"This is a problem we need to deal with, but unfortunately we're not going to take this on until after the election," said Rep. Daniel Lipinski (D-Ill.), referring to the fiscal cliff.
"My belief is that after the election, we'll sit here and the leaders will say on Dec. 24, 'We've reached no conclusion, and we're going to extend everything for two to three months until the new Congress comes in.' "
But moving the cliff out a few months or even longer carries risks. For one thing, economists said, it could trigger a credit downgrade. It also would be likely to increase the uncertainty and prompt more companies to adopt contingency plans.
Bernanke declined to endorse specific tax extensions or spending cuts, saying what's needed is a "combination of sensible policies that allow the recovery to continue over the next year or two, with a long-term credible plan for putting our budget on a sustainable path."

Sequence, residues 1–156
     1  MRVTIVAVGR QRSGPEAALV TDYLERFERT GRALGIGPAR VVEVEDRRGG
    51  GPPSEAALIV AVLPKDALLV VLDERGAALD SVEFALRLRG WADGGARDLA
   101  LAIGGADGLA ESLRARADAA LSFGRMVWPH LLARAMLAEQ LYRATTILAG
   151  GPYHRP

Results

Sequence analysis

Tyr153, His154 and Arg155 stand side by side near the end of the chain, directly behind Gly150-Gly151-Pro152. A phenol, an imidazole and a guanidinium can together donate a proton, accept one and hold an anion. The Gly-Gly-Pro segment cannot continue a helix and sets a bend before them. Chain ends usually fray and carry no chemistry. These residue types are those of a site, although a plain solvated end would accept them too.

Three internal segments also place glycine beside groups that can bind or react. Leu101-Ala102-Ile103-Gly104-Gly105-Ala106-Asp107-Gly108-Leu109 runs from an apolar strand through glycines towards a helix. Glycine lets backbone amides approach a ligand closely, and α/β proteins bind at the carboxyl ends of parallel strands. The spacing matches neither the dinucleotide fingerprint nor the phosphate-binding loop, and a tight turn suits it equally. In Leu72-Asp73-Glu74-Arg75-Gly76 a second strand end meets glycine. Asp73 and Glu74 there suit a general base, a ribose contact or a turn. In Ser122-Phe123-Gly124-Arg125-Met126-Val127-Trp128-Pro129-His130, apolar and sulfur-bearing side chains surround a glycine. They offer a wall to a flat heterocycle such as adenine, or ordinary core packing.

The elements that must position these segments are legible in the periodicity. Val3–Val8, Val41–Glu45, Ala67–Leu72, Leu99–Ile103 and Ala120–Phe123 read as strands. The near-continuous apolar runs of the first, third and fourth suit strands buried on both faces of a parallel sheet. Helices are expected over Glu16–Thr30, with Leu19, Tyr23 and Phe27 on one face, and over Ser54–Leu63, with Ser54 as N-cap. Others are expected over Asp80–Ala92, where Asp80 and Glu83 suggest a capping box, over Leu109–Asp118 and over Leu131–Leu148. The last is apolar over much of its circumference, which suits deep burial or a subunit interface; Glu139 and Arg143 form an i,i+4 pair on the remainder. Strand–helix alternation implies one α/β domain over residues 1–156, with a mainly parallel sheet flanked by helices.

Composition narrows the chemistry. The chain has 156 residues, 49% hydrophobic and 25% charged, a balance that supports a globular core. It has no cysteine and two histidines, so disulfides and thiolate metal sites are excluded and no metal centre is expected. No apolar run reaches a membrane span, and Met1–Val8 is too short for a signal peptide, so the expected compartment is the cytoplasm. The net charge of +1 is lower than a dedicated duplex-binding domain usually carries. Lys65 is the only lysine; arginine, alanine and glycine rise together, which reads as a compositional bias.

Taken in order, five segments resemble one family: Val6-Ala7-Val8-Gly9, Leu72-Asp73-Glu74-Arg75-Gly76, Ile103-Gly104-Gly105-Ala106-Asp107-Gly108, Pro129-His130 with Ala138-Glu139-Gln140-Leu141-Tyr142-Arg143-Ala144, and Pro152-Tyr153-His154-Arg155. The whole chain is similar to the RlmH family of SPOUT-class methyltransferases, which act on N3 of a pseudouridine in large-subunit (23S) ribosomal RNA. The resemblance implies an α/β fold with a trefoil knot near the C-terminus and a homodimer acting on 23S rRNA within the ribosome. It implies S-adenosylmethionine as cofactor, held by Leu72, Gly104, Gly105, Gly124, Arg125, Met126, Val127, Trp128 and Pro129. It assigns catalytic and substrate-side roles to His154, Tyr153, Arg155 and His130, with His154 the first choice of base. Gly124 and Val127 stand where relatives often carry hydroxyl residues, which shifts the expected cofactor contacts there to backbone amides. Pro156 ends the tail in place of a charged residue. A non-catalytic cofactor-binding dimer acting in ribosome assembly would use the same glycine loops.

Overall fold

If Congress can't compromise on a new budget, automatic cuts will take effect under the so-called sequester outlined in the Budget Control Act. For defense, the 10% elimination would shave about $53 billion from the budget, to $472 billion.
"People in the industry are really worried a train wreck could come.... They are starting to hedge," said Todd Harrison, a senior fellow at the Center for Strategic and Budgetary Assessments.
The impact of the uncertainty, he said, will be magnified at thousands of smaller second- and third-tier contractors, some of which are already asking, "How can you best position a business to prepare for this shock?"
John Raine is one of them. His Anderson, Ind., company has been making military field gear for 27 years. The U.S. withdrawal from Iraq and the drawdown in Afghanistan have already cost him significant business, forcing him to lay off a worker for the first time ever.
With potential defense cutbacks coming sooner or later, and higher taxes on the horizon, Raine said there was only one thing he could do.
"You're going to batten down the hatches," he said. "It's the psychology."
Times staff writer Jamie Goldberg contributed to this report.